FROM ANNALS OF INTERNAL MEDICINE
Elderly black patients on Medicare are at a 31% higher risk for colorectal cancer (CRC) than white patients, according to a study done by Stacey A. Fedewa, PhD, MPH, and her colleagues at the American Cancer Society.
There were 2,735 cases of interval CRC identified between 2002 and 2011 for this study. The patients studied were between 66 and 75 years of age and were all enrolled in Medicare. A higher proportion of black individuals, 52.8%, received a colonoscopy from physicians with a lower polyp detection rate (PDR, a proxy for adenoma detection rate), compared with whites at 46.2%. The PDR, the number of patients in whom a polypectomy is performed divided by the number of colonoscopies performed in a 5-year period, is significantly associated with interval CRC risk (Ann Intern Med. 2017. doi: 10.7326/M16-1154).
Interval CRC, defined as cancer that develops after a negative result on colonoscopy but before the next recommended test, accounts for 3%-8% of CRC cases in the United States. These cases of CRC develop in certain populations because they were missed at the time of screening or between recommended screenings or surveillance intervals.
Results showed that the probability of interval CRC by the end of follow-up was 7.1% in blacks, 5.8% in whites, 4.4% in Hispanics, and 3.8% in Asians. Of the 79,396 Medicare patients that met enrollment criteria, 61,433 were included in the study. The average age of index colonoscopy was 70 years, and 2,735 cases of interval CRC were identified.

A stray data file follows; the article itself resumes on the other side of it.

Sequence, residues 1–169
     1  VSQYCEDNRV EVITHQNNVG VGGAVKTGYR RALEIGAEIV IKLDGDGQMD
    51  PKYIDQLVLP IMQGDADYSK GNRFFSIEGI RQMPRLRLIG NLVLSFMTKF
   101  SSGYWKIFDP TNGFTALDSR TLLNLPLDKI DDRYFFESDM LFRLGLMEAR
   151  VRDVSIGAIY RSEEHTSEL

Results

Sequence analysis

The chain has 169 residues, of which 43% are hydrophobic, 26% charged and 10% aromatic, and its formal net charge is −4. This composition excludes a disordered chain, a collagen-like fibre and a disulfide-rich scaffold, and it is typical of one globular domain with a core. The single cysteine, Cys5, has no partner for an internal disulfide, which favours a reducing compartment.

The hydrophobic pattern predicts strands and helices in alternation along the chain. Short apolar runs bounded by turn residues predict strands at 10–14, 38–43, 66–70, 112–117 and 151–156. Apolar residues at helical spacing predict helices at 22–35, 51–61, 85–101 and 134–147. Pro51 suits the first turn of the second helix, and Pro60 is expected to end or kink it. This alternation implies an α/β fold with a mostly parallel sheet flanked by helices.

“Future studies examining this issue are warranted, given the higher overall risk for interval CRC in black populations as well as the larger disease burden in this group,” Dr. Fedewa said.
Medicare patient data were gathered from the National Cancer Institute’s Surveillance, Epidemiology, and End Results program (SEER), a data collection of 18 cancer registries across the United States. Claims data were used to identify receipt and dates of patient colonoscopies and polypectomies, as well as the PDR of administering physicians. Data from SEER was used to identify cases of interval CRC. Medicare Enrollment data were used to determine patients’ ethnicities.
The primary exposures were ethnicity and physician PDR, a relative measure of colonoscopy quality. Ethnicities were categorized as non-Hispanic white, black, Hispanic, Asian, and other. Patients were followed until they died, were no longer enrolled in Medicare, or experienced interval CRC defined as a first case of primary invasive CRC diagnosed 6-59 months after the colonoscopy.